A stamp printed in the United States in 1940 shows educator Booker T. Washington. /Photo iStock
A stamp printed in the United States in 1940 shows educator Booker T. Washington. /Photo iStock

Nov. 10

1891 – Inventor Granville T. Woods patents electric railway system.
1957 – Black golfer Charlie Sifford wins the Long Beach Open, becoming the first African-American to win a major professional golf tournament.
1960 – Journalist Andrew Hatcher is named associate press secretary to President John F. Kennedy, becoming the first black press secretary.

Nov. 11

1831 Nat Turner, an enslaved African-American who led a deadly rebellion of slaves and free blacks in Southampton County, Virginia, is executed by hanging.
1890 – Inventor Daniel McCree patents the portable fire escape.

Nov. 12

1770 York, an African-American slave best known for his participation with the Lewis and Clark Expedition, is born in Caroline County, Virginia.
1941 – Opera singer Mary Cardwell founds the National Negro Opera Company, the first African-American opera company in the United States.
1977Ernest N. “Dutch” Morial becomes the first black mayor of New Orleans.

Nov. 13

1894 – Inventor Albert C. Richardson patents the casket-lowering device.
1913 Daniel Hale Williams becomes the first black to be made a fellow of the American College of Surgeons.
1951 – Famed ballerina Janet Collins becomes the first black dancer to appear with the Metropolitan Opera Company in New York.
1985 – Major League Baseball pitcher Dwight “Doc” Gooden unanimously wins the Cy Young Award, becoming at 20 the youngest-ever winner of the award.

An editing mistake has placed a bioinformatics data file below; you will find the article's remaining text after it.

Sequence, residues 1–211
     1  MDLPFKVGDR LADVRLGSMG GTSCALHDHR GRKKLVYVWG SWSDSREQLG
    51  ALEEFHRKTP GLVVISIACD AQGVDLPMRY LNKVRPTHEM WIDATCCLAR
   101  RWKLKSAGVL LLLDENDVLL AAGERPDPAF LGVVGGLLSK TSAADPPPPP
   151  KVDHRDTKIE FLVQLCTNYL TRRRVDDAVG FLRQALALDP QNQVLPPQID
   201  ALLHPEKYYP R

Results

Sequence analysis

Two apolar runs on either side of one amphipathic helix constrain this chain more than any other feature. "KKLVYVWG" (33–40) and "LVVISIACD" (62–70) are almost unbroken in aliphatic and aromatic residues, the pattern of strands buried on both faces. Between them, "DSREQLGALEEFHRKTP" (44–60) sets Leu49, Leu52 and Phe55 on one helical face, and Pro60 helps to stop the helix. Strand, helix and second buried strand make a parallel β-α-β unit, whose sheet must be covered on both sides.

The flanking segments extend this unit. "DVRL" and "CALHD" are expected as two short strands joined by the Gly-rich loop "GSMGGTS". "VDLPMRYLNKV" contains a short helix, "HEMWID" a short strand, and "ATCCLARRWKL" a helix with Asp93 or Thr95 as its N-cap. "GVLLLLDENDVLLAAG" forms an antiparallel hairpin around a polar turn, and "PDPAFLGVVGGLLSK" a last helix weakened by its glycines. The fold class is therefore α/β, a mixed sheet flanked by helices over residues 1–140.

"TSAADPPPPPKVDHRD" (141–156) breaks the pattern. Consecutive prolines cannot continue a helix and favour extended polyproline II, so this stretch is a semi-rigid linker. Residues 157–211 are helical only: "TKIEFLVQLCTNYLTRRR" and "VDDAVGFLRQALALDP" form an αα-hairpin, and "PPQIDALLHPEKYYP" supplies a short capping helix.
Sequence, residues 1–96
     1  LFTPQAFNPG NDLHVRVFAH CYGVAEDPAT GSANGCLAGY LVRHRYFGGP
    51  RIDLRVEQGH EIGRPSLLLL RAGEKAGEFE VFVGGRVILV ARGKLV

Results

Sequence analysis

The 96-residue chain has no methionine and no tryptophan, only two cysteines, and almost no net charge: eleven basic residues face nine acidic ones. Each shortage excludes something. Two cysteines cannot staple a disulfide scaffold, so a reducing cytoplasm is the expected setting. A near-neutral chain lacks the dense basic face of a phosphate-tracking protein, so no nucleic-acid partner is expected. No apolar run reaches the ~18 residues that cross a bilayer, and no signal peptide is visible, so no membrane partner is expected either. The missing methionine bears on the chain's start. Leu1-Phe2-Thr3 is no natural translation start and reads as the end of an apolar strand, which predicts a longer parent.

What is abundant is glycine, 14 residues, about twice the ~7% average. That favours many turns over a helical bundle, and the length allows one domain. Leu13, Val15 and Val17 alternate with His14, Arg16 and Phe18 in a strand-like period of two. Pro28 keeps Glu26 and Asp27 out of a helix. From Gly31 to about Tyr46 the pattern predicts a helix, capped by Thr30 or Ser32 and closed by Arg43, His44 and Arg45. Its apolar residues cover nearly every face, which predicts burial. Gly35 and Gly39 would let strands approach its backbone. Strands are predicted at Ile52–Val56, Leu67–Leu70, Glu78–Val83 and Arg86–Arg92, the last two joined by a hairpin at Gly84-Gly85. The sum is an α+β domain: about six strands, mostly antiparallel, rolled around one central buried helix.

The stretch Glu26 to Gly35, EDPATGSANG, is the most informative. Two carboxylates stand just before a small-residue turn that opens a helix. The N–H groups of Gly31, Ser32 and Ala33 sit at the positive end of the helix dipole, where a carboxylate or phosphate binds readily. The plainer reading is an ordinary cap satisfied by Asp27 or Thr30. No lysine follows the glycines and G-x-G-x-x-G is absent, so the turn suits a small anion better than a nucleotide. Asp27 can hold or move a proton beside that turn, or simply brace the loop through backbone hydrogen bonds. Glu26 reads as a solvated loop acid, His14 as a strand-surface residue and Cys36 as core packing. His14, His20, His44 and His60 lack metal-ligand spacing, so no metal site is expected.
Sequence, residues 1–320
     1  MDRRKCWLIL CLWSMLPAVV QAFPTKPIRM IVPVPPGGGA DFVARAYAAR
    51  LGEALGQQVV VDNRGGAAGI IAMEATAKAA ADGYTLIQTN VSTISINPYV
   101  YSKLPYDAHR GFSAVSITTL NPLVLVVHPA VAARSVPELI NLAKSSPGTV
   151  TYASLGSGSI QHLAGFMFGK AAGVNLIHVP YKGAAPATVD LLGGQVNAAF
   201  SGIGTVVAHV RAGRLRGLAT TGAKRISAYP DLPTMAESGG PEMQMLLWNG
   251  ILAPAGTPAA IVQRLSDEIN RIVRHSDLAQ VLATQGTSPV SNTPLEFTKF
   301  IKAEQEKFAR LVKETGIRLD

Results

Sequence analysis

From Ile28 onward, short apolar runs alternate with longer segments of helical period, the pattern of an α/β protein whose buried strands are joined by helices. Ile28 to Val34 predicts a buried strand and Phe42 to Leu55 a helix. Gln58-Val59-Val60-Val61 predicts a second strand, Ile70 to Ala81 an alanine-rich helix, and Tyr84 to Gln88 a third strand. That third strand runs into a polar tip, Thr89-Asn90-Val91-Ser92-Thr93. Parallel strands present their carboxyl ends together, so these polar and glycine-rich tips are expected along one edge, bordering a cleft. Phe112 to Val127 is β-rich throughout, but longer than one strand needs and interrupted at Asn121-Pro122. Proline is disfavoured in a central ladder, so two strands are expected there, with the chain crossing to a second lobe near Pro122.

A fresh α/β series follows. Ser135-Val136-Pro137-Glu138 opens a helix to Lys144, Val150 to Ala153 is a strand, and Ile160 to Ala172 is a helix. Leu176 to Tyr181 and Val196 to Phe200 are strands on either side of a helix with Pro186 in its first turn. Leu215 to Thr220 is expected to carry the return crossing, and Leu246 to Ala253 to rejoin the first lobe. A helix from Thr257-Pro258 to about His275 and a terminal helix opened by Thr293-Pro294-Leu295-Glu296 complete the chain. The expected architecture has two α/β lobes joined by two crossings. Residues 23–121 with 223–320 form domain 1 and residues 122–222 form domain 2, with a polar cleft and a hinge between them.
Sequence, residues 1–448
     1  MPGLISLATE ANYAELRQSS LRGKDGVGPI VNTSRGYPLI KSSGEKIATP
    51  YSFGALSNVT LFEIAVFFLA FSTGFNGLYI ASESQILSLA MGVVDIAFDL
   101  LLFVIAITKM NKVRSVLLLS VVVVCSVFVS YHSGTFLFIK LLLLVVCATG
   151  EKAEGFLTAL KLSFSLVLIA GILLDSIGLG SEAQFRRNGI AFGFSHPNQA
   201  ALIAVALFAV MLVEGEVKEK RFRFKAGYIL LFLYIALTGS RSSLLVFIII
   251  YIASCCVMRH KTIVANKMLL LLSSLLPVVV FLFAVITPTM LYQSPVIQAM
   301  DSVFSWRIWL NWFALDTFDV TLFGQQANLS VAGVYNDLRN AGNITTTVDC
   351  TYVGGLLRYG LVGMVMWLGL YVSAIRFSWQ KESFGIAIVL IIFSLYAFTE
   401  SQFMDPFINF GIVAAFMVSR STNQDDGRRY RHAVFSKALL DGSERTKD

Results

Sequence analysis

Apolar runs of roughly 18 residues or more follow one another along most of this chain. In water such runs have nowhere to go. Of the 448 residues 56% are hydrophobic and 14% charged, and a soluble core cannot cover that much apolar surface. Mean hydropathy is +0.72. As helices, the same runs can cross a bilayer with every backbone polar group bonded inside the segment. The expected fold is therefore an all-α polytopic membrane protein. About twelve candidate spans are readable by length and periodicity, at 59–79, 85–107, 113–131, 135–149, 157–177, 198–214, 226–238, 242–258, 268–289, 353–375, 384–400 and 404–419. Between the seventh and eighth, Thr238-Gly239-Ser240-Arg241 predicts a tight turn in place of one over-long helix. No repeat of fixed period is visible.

Nov. 14

1915Booker T. Washington, a former slave who became a celebrated educator, author, orator and civil rights leader, dies in Tuskegee, Alabama, of hypertension at 59.

Nov. 15

1881 – Inventor Payton Johnson patents swinging chair.
1898 – Hairdresser and inventor Lyda Newman patents an improved hairbrush, which was easier to clean.
1950 – Hockey player Arthur Dorrington becomes the first black to sign an NHL contract, joining the New York Rangers organization.

Nov. 16

1873 – Composer and musician W.C. Handy, known as the “Father of the Blues,” is born in Florence, Alabama.
1901 – Pioneering musician and songwriter Jesse Stone aka Charles Calhoun, who wrote the rock ‘n’ roll staple “Shake, Rattle and Roll,” is born in Atchison, Kansas.
1930 – Famed novelist and professor Chinua Achebe, author of “Things Fall Apart,” is born in Ogidi, Nigeria.
2004 – President Bush announces his nomination of Condoleezza Rice as secretary of state. She is the first black woman to serve in the position.

Did you like this story?
Would you like to receive articles like this in your inbox? Free!

Join the Conversation

1 Comment

Leave a comment

Your email address will not be published. Required fields are marked *